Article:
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Fasting-mimicking diet may reverse diabetes: study

Washington: A diet designed to imitate the effects of fasting may reverse diabetes by reprogramming cells, claims a new study that may help treat the condition without drugs or painful insulin injections.

The fasting-like diet promotes the growth of new insulin-producing pancreatic cells that reduce symptoms of type 1 and type 2 diabetes in mice, according to the study on mice and human cells led by researchers at University of Southern California (USC) in the US.

“Cycles of a fasting-mimicking diet and a normal diet essentially reprogrammed non-insulin-producing cells into insulin-producing cells,” said Valter Longo, director of the Longevity Institute at the USC.

“By activating the regeneration of pancreatic cells, we were able to rescue mice from late-stage type 1 and type 2 diabetes. We also reactivated insulin production in human pancreatic cells from type 1 diabetes patients,” said Longo.

The reprogrammed adult cells and organs prompted a regeneration in which damaged cells were replaced with new functional ones, he said.

The research is the latest in a series of studies to demonstrate promising health benefits of a brief, periodic diet that mimics the effects of a water-only fast.

In type 1 and late-stage type 2 diabetes, the pancreas loses insulin-producing beta cells, increasing instability in blood sugar levels.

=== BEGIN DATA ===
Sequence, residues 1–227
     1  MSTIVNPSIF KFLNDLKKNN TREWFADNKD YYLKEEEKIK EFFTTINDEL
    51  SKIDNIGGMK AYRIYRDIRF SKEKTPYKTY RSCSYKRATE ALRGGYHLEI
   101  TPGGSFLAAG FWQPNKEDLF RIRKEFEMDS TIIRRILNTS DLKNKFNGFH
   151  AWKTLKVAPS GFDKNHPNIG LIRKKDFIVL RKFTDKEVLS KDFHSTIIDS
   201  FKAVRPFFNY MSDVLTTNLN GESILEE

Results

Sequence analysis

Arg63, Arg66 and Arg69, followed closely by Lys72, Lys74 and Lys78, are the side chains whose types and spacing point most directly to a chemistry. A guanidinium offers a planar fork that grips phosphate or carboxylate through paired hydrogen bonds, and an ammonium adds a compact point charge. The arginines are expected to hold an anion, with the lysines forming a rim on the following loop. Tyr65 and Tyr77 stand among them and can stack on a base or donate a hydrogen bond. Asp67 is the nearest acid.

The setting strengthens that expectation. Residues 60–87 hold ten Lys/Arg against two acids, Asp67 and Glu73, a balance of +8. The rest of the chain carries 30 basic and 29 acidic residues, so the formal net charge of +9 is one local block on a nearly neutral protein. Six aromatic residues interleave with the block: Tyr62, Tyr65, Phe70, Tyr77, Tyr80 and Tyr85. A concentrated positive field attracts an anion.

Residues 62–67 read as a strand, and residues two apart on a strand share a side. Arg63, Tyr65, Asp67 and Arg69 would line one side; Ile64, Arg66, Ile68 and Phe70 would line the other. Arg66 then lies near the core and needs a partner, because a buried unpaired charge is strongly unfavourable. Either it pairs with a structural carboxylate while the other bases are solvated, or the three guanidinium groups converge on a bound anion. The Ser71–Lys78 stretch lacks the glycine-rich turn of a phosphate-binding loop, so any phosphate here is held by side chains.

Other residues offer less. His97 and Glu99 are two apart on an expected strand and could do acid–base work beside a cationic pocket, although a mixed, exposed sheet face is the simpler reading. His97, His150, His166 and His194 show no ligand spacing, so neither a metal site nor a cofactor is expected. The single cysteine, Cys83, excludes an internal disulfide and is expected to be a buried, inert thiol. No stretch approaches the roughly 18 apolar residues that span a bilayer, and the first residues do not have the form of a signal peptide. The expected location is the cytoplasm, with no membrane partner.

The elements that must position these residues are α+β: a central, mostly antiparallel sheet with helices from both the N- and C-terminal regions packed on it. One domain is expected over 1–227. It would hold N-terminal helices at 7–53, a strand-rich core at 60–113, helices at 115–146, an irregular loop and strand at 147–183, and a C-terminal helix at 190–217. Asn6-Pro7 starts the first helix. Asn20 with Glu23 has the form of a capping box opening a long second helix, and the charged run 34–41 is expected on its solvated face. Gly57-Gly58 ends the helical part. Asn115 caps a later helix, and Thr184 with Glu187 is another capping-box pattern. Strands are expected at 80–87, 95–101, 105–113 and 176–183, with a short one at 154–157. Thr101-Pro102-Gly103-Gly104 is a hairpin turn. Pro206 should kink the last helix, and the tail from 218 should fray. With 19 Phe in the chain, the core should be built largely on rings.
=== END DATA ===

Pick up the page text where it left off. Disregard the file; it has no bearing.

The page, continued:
The study showed a remarkable reversal of diabetes in mice placed on the fasting-mimicking diet for four days each week.

They regained healthy insulin production, reduced insulin resistance and demonstrated more stable levels of blood glucose. This was the case even for mice in the later stages of the disease.

The diet cycles switched on genes in the adult mice that are normally active only in the developing pancreases of foetal mice.

The genes set off production of a protein, neurogenin-3 (Ngn3); thus, generating new, healthy insulin-producing beta cells.

Longo and his team also examined pancreatic cell cultures from human donors and found that, in cells from type 1 diabetes patients, fasting also increased expression of the Ngn3 protein and accelerated insulin production.

The results suggest that a fasting-mimicking diet could alleviate diabetes in humans.

Another study by the same team published last week demonstrated that the fasting-mimicking diet reduced risks for cancer, diabetes, heart disease and other age-related diseases in human study participants who followed the special diet for five days each month in a three-month span.

Prior studies on the diet have shown potential for alleviating symptoms of the neurodegenerative disease multiple sclerosis, increasing the efficacy of chemotherapy for cancer treatments, and decreasing visceral fat, researchers said.

The study was published in the journal Cell.

PTI